The Museum of Modern Art (MoMA) is currently displaying its first major exhibition of the Bauhaus since 1938, entitled "1919-1933: Workshops for Modernity", and many books and magazine articles have been published on the subject as well, indicating a new, resurgent interest in Modernism, for which the Bauhaus is largely responsible for introducing to the world nearly a century ago.

The presentation at Central will reach its peak next week, when Professor Barry Bergdoll, Chief Curator of Architecture @ MoMA, arrives to give his on site talk and presentation bearing the title "Marcel Breuer and the Invention of Heavy Lightness."

The following images are all courtesy of Susan B:

Scale model of Atlanta's Central Library by Marcel Breuer (notice the
left, South-facing side of the building in the adjacent photo)

Scale model of Atlanta's Central Library (notice the original,
sculpted, forecourt plaza design, its asymmetrical gradation)

Scale model of Atlanta's Central Library by Marcel Breuer

Scale model of St. Johns Abbey

Scale model of St. John's Abbey (cross-section)

Scale model of St. John's Abbey (campanile in foreground)

Scale model of Bronx Community College

Scale model and site photos of Bronx Community College

Scale model of Baldegg Convent

Scale model of Baldegg Convent

Scale model of the Whitney Museum of American Art

Scale model of the Whitney Museum of American Art

Assorted furniture (circa: 1925)

Plywood and tubular metal furniture assortment (circa: 1925)

Various chaise lounges and tables (circa: 1925)

Large plywood table and matching chairs (circa: 1925)

Stackable plywood chairs (circa: 1925)

Tuesday, January 5, 2010

ArtWorks Magazine: The Bauhaus Effect

The Bauhaus Effect

by Max Eternity


“Every work of art is a child of its age”

Vasily Kandinsky


Originally published in ArtWorks Magazine (December 2009)

This year marks the 90th Anniversary of the Bauhaus school, with a century having passed since one of its former instructors, Kandinsky, wrote that noteworthy quote in his book, “Concerning the Spiritual in Art”. In that single introductory line, Kandinsky reveals the magnanimity of the artistic forest, and the proverbial trees.

A creative zenith of the 20th Century, Kandinsky gave the world great art, great words and many brilliant ideas. So it should come as no surprise that in the decades since his passing, neither he nor the school where he once taught have yet been forgotten. And why should they be? After all, Kandinsky is one of the founding fathers of abstract art, and the German Bauhaus school is the place where the modernist aesthetic was conceived—incubated—cultivated--formed.

Walter Gropius, descendent of two architects sharing the same name—father and great-uncle—Martin Gropius, founded the Bauhaus in 1919. Thereafter, with his expanding portfolio of buildings, Gropius would introduce to the world an elegant simplicity of reductive design, combining minimalistic functionality, tectonic geometry and timeless, aesthetic beauty. Several buildings would be built to house the school, though the Gropius designed Dessau site remains the most recognized of the Bauhaus’ three locales—WeimarDessau--Berlin.

Being co-ed, another specific impact that the school had on design and education was its embrace of women. And though female students were strongly encouraged to work with fabrics and textiles, as opposed to industrial design and buildings, at various points through Bauhaus history, women would make up to 50% of the overall student body. With one of the more notable standouts being Anni Albers, who, after the Bauhaus had closed, along with her husband Josef, migrated to the US at the behest of Phillip Johnson--another towering figure of Modernism.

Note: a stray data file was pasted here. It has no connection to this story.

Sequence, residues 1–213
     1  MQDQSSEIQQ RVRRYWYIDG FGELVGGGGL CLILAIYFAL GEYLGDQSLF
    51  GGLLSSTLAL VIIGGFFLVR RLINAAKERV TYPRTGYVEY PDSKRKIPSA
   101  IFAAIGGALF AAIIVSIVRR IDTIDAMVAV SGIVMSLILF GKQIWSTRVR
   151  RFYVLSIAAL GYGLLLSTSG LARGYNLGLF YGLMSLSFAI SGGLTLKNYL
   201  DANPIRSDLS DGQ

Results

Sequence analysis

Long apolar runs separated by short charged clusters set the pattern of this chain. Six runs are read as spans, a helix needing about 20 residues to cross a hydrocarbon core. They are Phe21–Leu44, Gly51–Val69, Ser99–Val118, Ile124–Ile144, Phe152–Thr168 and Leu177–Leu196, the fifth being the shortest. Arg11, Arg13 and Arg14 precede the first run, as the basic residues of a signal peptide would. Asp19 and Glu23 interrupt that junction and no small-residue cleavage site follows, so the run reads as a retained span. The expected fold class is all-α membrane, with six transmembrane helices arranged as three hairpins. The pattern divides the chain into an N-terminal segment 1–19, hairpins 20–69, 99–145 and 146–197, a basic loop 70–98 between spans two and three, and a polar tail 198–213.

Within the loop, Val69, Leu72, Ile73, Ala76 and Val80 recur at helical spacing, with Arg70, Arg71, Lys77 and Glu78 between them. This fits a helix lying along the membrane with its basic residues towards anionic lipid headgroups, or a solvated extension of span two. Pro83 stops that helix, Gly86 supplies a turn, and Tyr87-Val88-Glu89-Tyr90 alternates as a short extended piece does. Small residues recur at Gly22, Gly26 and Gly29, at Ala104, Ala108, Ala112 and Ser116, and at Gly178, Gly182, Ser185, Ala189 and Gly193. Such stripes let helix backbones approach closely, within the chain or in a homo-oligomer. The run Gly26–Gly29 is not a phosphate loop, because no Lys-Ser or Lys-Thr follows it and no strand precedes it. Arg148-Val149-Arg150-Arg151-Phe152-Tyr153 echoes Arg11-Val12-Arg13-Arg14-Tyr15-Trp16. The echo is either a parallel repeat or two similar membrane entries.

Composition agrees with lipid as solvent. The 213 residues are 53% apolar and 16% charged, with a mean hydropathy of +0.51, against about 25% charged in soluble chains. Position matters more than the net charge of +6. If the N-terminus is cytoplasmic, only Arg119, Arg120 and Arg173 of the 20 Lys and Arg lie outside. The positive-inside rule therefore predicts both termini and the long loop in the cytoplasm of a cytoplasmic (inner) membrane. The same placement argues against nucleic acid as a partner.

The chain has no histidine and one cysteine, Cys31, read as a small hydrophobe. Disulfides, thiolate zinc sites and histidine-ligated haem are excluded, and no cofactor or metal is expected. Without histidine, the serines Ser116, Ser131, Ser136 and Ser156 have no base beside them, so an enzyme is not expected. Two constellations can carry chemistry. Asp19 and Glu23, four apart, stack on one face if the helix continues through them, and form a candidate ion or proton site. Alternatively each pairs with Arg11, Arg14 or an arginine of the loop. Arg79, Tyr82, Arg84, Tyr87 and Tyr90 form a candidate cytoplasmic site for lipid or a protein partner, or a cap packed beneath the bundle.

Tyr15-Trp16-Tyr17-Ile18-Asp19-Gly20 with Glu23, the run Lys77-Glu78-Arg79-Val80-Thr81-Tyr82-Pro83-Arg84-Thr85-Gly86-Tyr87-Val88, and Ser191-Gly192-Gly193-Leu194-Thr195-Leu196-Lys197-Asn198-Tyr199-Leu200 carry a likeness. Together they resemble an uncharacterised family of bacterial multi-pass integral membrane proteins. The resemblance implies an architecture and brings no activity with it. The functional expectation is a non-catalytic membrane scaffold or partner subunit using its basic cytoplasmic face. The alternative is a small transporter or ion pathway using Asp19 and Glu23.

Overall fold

Mrs. Albers is in-part credited with elevating the craftsmanship of the loom to fine art status, but as Bauhaus alumni go, she is not the only woman of tremendous success and achievement. There’s also Lilly Reich, a collaborator to van der Rohe who in 1930 was the first woman at the Bauhaus to teach interior design, which included furniture design. And then there’s Marianne Brandt, a photographer who, like her male colleague Wilhelm Wagenfeld, is better known for her industrial designs of exquisitely sculpted, household objects--lamps, ashtrays, tea infusers.

Wall hanging "Slit Tapestry Red/Green" by Gunta Stolzl, 1927/28

“The women of the Bauhaus set up a leadership structure of their own…Anni Albers and Gunta St√∂lzl…produced ambitious and exciting textiles that explored different permutations of design” says the Museum of Modern Art (MoMA) Curator in the Department of Painting and Sculpting, Leah Dickerman. As well, Dickerman says, the women weren’t just following the lead of the men, because “the weavers rejected the idea that their work should solely be expressions of visual art.” Consequentially she says, the Bauhaus women “developed a huge range of textiles.”

Yet in this celebratory year, while many rejoice that historic institution’s worldwide contributions in art and design, others are loathe to bury the memory of Early and Mid-Century Modernism deep into the obscurity of our recent past....

- End Excerpt -

This article can be read in its entirety, including a selection of rare photos, in the December issue of ArtWorks Magazine. Print version available nationwide at Barnes & Noble bookstores.


About Max Eternity:

Max Eternity, contributing writer to Artworks Magazine and Editor and Publisher to Art Digital Magazine, is a digital-aged Renaissance man who creates innovative print types reflecting the Bauhaus and Mid-Century Modernism. Via a network of informational web portals, Eternity advocates for artistic and social concerns ranging from architectural preservation and digital literacy to government transparency and the Afro-Euro fine art construct. An avid inventor, he currently has over a twenty utilities in various stages of development.